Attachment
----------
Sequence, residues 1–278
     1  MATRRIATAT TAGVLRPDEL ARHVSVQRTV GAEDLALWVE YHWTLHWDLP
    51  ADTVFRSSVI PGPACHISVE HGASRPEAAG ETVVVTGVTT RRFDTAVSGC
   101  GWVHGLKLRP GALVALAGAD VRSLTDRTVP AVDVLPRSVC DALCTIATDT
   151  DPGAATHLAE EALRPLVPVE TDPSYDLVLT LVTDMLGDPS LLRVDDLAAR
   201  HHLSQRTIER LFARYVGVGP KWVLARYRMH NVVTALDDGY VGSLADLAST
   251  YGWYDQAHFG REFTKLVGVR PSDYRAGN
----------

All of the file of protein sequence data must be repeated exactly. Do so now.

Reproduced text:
Sequence, residues 1–278
     1  MATRRIATAT TAGVLRPDEL ARHVSVQRTV GAEDLALWVE YHWTLHWDLP
    51  ADTVFRSSVI PGPACHISVE HGASRPEAAG ETVVVTGVTT RRFDTAVSGC
   101  GWVHGLKLRP GALVALAGAD VRSLTDRTVP AVDVLPRSVC DALCTIATDT
   151  DPGAATHLAE EALRPLVPVE TDPSYDLVLT LVTDMLGDPS LLRVDDLAAR
   201  HHLSQRTIER LFARYVGVGP KWVLARYRMH NVVTALDDGY VGSLADLAST
   251  YGWYDQAHFG REFTKLVGVR PSDYRAGN